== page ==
A tangled tale of hair robbers
Venezuelan papers are rife with reports that robbers are picking different kinds of locks these days - locks of hair stolen from women to sell in the country's lucrative beauty business. The president says its a rumour designed to make young people paranoid. Even if it is, what does it say about the things Venezuelans value most?
It's the latest trend in Venezuela's crime industry - stealing women's hair. The longer, the better.
It's been happening in Maracaibo, the country's second largest city. For a couple of weeks, newspapers have been dedicating daily headlines to the crime. Victims have said they were approached by a group of two or three. While one person held them down and threatened them, the other would demand that they put their hair up in a ponytail - and then cut it off with gardening shears.
Online publications have been giving tips on how to avoid having one's hair stolen by covering it with a cap or scarf. One website posted a four-minute video tutorial on how to put one's hair up in a bun by using a sock.
I found myself watching it, although my own haircut is so short that thieves wouldn't even approach me.
Hair theft is not a particularly original crime. In South Africa, men have been robbed of their dreadlocks. Cases have also been reported in Burma - and closer to home for me - next door in Colombia and Brazil.
The usual explanation for such theft is that hair is simply sold on to make wigs and extensions. But in Venezuela, many other theories have sprung up to explain the phenomenon. It seems that for commentators, stealing hair is a reflection of the country's many ills. For example, an editorial in the newspaper El Nacional blamed its "beauty culture" for the thefts.
Venezuela does take beauty seriously. It has racked up more Miss Universes and Miss Worlds than anywhere else, and other women feel the pressure on a daily basis. Breast implants are a common present for 15-year-olds. Make-up is a must at all times - even in the gym.
Manes of trailing hair extensions are part of this, although I never understood the hype. I used to have long hair myself. When I got tired of it, I cut it off. If I want it long again, I guess I'll just wait until it grows.
But Daniel, my hairdresser, tells me Venezuelan women are impatient with their hair and don't take enough care of it. They dye it, they straighten it, they do whatever it takes for it to look good all the time. That's why extensions are so popular, he says. They are quick and yet they look real.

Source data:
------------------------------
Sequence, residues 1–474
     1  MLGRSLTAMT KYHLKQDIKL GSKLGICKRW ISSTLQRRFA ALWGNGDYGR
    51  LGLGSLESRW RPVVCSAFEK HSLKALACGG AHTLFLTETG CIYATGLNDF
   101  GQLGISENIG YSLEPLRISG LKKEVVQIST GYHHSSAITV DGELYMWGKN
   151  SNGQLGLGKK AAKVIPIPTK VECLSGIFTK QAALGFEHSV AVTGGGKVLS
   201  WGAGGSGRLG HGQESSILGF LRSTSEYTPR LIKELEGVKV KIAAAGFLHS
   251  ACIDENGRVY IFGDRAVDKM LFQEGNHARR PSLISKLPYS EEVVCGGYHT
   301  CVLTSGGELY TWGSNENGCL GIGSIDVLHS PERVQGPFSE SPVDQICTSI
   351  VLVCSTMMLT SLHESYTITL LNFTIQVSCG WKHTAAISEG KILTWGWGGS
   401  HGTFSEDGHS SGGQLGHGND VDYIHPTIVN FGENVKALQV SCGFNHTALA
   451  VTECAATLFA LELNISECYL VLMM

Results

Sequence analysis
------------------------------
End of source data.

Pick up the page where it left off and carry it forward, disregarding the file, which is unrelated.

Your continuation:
With these considerations in mind, the newspaper's editorial may even make sense. If women here are willing to go as far as having aesthetic or plastic surgery - which can be dangerous and sometimes even leads to death - then it makes sense that violence infiltrates the realm of beauty. But does the newspaper maybe suggest that women themselves are the ones to blame?
Las Piranas - as the hair thieves are known - are mostly female. But violence is a much deeper issue in this country. According to the UN, Venezuela now has the fifth highest murder rate in the world. Kidnappings are so common that many well-to-do families share a fund with friends, so they always have easy-to-access cash if one of their loved ones is snatched. With such high levels of crime and impunity, it is understandable that thieves try to take advantage of what has become a lucrative market.
Hair extensions don't come cheap. A full head can cost as much as 10,000 bolivares - nearly $1,500 at the official exchange rate. This means a thief can earn up to $500 for a good chunk of hair.
The hair theft phenomenon isn't as simple as it seems. So far, no formal complaints have been filed. The news stories are based on testimonies of a few victims in local media. But here in Venezuela, paranoia is rampant. In Caracas, the capital, there have been no reports of the crime. But people are already worrying. The other night, a woman told me that she wasn't sure whether it was worse for thieves to go for her hair or for her wallet.
And some women are even choosing to cut their hair before someone else snatches it. Daniel, my hairdresser, says my short, basic cut may even become fashionable soon.
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